Rare Congenital and Genetic Diseases; they deserve a better future
Many biotech and pharmaceutical companies have prioritised drug development for rare congenital and genetic diseases in past years, given the high unmet need and favourable clinical development paths. Unfortunately, these diseases often have severe or even fatal manifestations with few treatments available.
Emerging genetic data and new approaches like gene therapy are rendering monogenic diseases more tractable together with regulatory and legislative initiatives that have encouraged research and development. Consequently, pipeline activity has increased considerably, and there are now many more products in development.
In a report by Pharmaprojects® of July 2020, there are 27 rare congenital and genetic diseases with at least ten products in active development. A further 153 conditions have at least one product in active development.
However, how do we define a rare disease?
That depends on where we live. The European Union classifies a disease as rare if it affects less than one person in 2,000. In the United States, a condition is classified as rare if it affects less than 200,000 individuals; in Japan, the criterion is one person in 2,500. Despite these differences in definition, there is a crucial aspect of rare diseases that everyone can agree on: researching and developing treatments for them is uniquely challenging.
The situation continues to be a matter of concern.
There are around 7,000 distinct types of rare and genetic diseases that affect more than 400 million people worldwide (Global Genes. Rare Facts.) and about one in ten people in the United States, but 95% of rare diseases lack an FDA-approved product for treatment.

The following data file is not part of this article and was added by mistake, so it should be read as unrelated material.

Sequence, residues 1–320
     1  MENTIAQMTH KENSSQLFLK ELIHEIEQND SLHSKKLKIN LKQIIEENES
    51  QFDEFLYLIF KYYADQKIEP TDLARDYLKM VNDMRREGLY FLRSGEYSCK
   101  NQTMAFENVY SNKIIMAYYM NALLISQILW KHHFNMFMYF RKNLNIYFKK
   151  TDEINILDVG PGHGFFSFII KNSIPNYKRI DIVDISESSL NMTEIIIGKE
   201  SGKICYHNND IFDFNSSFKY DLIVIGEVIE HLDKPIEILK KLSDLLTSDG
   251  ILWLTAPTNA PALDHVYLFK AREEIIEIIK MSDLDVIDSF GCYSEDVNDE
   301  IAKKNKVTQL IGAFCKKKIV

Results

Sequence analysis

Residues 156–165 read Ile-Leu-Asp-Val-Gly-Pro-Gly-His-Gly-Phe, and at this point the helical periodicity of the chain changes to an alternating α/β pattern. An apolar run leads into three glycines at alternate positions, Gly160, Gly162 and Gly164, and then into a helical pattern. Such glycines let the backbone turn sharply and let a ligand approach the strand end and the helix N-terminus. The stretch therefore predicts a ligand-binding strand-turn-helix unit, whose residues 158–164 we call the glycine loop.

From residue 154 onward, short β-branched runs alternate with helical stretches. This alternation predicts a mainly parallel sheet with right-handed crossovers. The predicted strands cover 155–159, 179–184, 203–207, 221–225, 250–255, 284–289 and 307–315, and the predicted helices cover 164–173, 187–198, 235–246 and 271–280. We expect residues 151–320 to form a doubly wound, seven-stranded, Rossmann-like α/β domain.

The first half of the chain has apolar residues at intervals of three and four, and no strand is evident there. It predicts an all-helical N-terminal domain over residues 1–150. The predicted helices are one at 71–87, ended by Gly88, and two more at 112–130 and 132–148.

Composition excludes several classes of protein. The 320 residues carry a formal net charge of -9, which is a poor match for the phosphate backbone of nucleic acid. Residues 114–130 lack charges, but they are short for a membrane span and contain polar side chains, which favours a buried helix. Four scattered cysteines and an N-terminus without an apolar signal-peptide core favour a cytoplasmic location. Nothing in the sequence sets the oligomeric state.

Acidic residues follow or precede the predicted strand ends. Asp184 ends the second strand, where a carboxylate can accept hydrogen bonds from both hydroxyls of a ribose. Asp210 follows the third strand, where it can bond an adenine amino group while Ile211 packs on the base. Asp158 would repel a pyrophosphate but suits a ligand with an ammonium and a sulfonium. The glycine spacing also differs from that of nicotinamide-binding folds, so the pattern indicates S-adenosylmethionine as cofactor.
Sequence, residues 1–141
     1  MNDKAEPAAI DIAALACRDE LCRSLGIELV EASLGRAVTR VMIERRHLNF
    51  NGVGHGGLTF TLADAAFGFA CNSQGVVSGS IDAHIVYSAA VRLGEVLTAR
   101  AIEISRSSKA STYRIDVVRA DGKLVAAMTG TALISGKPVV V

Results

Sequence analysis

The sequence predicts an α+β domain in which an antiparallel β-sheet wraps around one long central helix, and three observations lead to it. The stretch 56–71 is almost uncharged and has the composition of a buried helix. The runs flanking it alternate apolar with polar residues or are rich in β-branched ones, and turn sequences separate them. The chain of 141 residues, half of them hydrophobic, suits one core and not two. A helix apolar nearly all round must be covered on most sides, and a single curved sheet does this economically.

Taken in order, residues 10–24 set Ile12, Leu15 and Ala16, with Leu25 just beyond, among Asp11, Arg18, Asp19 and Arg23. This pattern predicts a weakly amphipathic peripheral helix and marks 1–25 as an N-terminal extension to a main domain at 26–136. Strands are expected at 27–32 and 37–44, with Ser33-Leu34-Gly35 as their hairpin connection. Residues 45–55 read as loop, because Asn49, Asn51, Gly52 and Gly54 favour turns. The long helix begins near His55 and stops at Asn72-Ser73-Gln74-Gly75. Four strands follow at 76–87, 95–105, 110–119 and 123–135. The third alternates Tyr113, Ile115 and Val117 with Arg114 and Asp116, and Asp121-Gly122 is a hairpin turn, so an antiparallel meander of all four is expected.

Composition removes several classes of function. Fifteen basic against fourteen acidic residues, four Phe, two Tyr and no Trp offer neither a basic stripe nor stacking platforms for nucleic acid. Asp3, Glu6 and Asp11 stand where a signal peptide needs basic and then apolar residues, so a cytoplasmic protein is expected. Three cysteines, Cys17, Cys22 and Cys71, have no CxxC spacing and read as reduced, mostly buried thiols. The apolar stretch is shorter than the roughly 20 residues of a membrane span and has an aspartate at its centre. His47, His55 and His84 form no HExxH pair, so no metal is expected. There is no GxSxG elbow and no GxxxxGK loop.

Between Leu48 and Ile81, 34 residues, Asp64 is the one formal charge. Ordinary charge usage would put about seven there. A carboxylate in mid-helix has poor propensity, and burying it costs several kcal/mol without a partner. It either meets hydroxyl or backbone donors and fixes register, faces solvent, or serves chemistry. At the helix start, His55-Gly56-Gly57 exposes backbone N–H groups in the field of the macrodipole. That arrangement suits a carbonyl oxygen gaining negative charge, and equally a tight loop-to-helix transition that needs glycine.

Furthermore, a study of clinical trials in the US, EU, and Japan found that only 16% of rare diseases have any related clinical trial activity (Sakate, R. et al. 2018).
These numbers are not surprising, as many daunting barriers stand between researchers and results:
- The natural history of rare diseases is often poorly understood.
- Knowledge and clinical manifestations over time are incomplete.
- Appropriate efficacy endpoints are not available.
- Under-representation in health care coding systems due to individual rarity, which contributes to poor recognition and resource allocation (prevents clinical research from being performed).
Where is pharma investing in the rare disease sector?
Based on data obtained from the National Centre for Advancing Translational Sciences (US, NIH), the Genetic and Rare Diseases Centre (GARD) www.rarediseases.info.nih.gov emphasises the vast unmet need that exists.
Diseases with the greatest of approved therapies (US) include Dwarfism, Lennox-Gastaut Syndrome (a particular type of epilepsy), and Cystic Fibrosis. Still, even for these diseases, the number of approved therapies is minimal compared to more prevalent conditions.
Large pharma companies dominate the commercial landscape; Takeda, Pfizer, Sanofi, GlaxoSmithKline, and Novartis each have at least eight approved therapies. However, increasingly the smaller, more specialised players such as Sarepta Therapeutics, Vertex Pharmaceuticals, and Ionis Pharmaceuticals are developing new products. Their prominence in the pipeline makes these companies perennial acquisition targets.
In conclusion, the industry is becoming increasingly focused on narrowly defined diseases, scientific advancements, and incentives for developing/finding new therapies that can potentially transform the lives of many patients with rare congenital and genetic disorders. Modern tools are urgently required to aid rare disease research. This research will enable natural history studies, mapping the patient journey, quantifying existing treatment patterns, serving as a control arm for new drugs in development, and demonstrating the effectiveness of off-label drug use to treat rare diseases.
Global Genes. Rare Facts. www.globalgenes.org/rare-facts/
Sakate R. et.al. Trends of clinical trials for drug development in rare diseases. Current Clinical Pharmacology. August 2018; 13 (3):199-208.
Prevalence of Rare Diseases: Bibliographic Data. Orphanet Report Series. Rare Diseases Collection, January 2020. Number 1.
The National Economic Burden of Rare Disease Study (US). February 25, 2021.
Pharmaprojects® July, 2020.
Exhibit 1: Total Economic Burden of Rare Disease in the U.S. in 2019: $966 Billion